Why do this at the start of Lent? Why force a conclave during Lent and before Easter?Isn't preparing for and celebrating what I think is the premier event of the Christian year more important that rearranging deck chairs?And, please: let's keep the mawkishness to a respectable minimum. B16 was not beloved by the masses (well, not all of us, but most nonetheless) as was JPII and, hence, any gushing and saccharine will not fly too well.As far as a successor: let the games begin! I hope that the Holy Spirit isn't run over by the non-politicking cardinals while they scheme and politic.

I'm not trying to go after Pope Benedict, soon to be emeritus, when I ask about past unwise decisions on cases of sexual abuse. I think that he might have desired to apply to himself his own advice to Irish bishops, but couldn't very well do it because of his position. Now he is more free. I certainly wish him the best, health and cat and peace away from responsibilities.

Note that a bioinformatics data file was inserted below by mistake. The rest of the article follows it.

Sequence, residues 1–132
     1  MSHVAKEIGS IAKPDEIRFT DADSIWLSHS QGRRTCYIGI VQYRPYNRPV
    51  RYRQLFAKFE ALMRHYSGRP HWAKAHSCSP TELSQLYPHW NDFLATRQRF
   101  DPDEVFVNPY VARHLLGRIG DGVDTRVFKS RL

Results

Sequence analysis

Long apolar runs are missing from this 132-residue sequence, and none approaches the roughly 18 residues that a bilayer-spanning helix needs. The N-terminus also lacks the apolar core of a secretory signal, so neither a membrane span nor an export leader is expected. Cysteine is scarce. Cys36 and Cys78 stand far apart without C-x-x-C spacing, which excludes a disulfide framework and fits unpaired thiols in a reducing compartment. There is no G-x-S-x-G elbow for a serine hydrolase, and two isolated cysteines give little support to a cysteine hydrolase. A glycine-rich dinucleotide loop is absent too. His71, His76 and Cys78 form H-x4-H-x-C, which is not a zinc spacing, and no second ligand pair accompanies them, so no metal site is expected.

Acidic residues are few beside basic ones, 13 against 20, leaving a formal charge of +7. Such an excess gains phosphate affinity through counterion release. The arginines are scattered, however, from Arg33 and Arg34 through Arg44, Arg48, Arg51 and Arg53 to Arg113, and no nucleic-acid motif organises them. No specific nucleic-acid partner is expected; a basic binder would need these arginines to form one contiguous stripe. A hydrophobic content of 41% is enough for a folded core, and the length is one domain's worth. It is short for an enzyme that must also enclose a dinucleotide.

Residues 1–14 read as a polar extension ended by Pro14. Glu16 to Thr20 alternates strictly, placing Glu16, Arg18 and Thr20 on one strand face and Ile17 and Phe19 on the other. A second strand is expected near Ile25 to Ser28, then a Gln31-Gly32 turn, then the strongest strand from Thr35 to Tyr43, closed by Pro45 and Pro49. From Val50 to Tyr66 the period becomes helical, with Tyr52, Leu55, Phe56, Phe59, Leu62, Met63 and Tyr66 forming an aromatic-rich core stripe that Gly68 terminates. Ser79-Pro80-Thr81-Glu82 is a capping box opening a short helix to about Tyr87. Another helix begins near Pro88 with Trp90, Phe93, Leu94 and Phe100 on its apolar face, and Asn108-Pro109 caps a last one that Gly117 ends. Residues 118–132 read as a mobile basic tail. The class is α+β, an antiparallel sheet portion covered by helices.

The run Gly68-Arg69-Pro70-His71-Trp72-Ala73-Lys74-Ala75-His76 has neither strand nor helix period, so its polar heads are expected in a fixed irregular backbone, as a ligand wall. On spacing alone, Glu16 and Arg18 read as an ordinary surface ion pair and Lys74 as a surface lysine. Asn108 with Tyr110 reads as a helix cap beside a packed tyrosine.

And who would the Commonwealers pick for the next pope?

"B16 was not beloved by the masses (well, not all of us, but most nonetheless) as was JPII and, hence, any gushing and saccharine will not fly too well."Actually, as I understand it, his regular addresses, meditations, audiences, etc. were far more popular with the Italians than those of John Paul, and attendance was much higher.

I can't say how much I respect John Page's comment above. He gets it just right.

What did Pope Benedict mean when he said that the "world [was] shaken by questions of deep relevance for the life of faith"?

A request from someone who does not read or write Italian or Latin: When those fluent in these languages post a comment, please provide a translation of major points of the links or articles. I would appreciate the courtesy, and perhaps others as well.

If you paste the Italian text into google translate, youll get a pretty respectable English translation.

Celestino V was poisoned (apparently this has been established forensically in recent years).

"Will liberal theologians and others feel free to come out from under the radar during the next papacy?"What have they to fear but fear itself?